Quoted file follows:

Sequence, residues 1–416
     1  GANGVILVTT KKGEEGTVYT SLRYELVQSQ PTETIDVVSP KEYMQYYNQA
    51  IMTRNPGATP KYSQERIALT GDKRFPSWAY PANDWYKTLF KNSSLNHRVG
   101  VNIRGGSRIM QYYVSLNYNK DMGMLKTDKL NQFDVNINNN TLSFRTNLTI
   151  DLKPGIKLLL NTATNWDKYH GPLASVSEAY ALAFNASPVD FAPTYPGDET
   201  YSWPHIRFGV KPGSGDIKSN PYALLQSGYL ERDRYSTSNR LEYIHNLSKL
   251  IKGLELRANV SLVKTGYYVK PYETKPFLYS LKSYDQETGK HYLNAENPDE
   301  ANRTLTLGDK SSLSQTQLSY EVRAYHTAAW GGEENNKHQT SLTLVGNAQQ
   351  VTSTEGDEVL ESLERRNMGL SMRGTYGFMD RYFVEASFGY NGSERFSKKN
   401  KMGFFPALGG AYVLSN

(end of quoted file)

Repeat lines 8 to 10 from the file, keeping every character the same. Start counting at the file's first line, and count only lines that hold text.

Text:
   301  ANRTLTLGDK SSLSQTQLSY EVRAYHTAAW GGEENNKHQT SLTLVGNAQQ
   351  VTSTEGDEVL ESLERRNMGL SMRGTYGFMD RYFVEASFGY NGSERFSKKN
   401  KMGFFPALGG AYVLSN